“Most importantly,” continues Malcolm, “what about our people? The first thing that came to mind was: if we’re not earning, if we’ve got no revenue, how are we going to pay our staff?”
McDonald’s has more than 10,000 staff in New Zealand, so the problem was real. Luckily there was government assistance, and a willingness to do the right thing by their people; and it’s important to point out that they have made no-one redundant in two years. But ensuring staff were paid was no easy street, to start with.
“Unfortunately, the rules (around Government assistance) were not that clear to begin with,” says Malcolm. “We were working with untested legislation, unclear drafting, and no-one who could give any certainty. We just had to work our way through it and make some best guesses.”
Behind the scenes, at McDonald’s it was ‘all legal hands on deck’ to support the crisis management group which had been set up.
“Essentially, we had to drop everything. We had to deal with what was in front of us at that point,” he says. “We were dealing with daily issues: questions from franchisees, questions from the business. Global McDonald’s wanted to know what was happening...”
The problem with perishable stock – massive in a restaurant operation of more than 170 stores – needed fast reaction.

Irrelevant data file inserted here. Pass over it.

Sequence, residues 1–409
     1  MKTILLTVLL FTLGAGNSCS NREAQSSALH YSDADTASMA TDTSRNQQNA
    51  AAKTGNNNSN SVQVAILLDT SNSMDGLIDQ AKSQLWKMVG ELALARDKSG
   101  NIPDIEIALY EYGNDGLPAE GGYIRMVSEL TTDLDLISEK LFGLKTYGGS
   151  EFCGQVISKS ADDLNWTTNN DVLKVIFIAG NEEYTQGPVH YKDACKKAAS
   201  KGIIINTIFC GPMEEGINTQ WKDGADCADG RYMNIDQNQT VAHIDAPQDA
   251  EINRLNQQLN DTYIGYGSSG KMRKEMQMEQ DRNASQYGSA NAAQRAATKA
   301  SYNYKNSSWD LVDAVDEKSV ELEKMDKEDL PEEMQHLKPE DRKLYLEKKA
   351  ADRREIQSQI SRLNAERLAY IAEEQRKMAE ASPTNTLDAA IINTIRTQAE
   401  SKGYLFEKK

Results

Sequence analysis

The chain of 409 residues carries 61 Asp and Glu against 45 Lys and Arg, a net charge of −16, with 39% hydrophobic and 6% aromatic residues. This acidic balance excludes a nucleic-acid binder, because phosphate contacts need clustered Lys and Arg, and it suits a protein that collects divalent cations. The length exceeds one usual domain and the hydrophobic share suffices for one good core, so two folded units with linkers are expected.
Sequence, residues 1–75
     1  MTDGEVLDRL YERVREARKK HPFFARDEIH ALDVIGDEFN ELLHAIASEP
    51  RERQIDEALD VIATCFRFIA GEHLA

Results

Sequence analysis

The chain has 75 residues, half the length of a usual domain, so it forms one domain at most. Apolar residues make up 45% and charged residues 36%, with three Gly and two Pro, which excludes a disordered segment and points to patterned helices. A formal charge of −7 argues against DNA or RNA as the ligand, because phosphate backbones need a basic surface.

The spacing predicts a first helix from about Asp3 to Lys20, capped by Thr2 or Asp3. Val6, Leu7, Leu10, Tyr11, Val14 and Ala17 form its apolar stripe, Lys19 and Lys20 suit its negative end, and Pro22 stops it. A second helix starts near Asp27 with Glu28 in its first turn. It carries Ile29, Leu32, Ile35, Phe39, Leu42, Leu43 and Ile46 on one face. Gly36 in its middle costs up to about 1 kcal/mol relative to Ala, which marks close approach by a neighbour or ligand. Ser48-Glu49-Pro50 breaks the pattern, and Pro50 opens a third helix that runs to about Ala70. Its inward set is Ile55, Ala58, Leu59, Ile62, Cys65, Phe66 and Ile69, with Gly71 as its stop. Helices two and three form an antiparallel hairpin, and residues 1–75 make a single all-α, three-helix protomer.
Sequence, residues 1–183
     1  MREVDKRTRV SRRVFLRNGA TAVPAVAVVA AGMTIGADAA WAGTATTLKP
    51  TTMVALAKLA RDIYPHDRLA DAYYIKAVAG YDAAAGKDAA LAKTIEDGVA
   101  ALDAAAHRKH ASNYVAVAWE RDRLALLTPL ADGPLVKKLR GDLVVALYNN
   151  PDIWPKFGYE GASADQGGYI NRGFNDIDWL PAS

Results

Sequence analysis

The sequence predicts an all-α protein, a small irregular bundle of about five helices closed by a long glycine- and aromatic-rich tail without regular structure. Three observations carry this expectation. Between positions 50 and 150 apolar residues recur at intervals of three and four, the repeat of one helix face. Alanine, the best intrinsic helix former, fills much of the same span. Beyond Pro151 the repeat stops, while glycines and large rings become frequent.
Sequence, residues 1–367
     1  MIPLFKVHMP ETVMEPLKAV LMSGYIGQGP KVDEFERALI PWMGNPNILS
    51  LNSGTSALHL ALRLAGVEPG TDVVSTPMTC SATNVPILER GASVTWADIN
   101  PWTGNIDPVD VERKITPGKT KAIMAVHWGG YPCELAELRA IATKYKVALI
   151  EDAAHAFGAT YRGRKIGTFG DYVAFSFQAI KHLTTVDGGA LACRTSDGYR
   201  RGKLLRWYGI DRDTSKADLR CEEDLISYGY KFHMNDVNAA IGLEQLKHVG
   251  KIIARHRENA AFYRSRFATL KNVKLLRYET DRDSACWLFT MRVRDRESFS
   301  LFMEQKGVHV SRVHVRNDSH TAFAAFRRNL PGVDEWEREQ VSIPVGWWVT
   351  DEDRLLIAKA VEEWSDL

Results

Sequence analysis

“The whole supply chain was thrown on its head,” he says. “We’ve got some products that have a reasonably long shelf life because they’re frozen. Others – like lettuce and cheese for example – don’t last very long. We gave a lot to food banks, a lot to charity, a lot to Ronald McDonald House.”
Because McDonald’s New Zealand has a “very good logistical partner”, the company found a great deal of understanding from growers and suppliers.
“But, obviously, they had their own problems,” says Malcolm.
For McDonald’s New Zealand, there had been some large building projects underway when the country went into lockdown and that had legal implications.
“If you think about it, we are also a property business,” says Malcolm. “So, any construction that might have been under way, any refurbishments, new restaurants or whatever, had to be put on hold. Work just literally stopped. It was quite unreal, bizarre really.”
Ministry of Health’s response team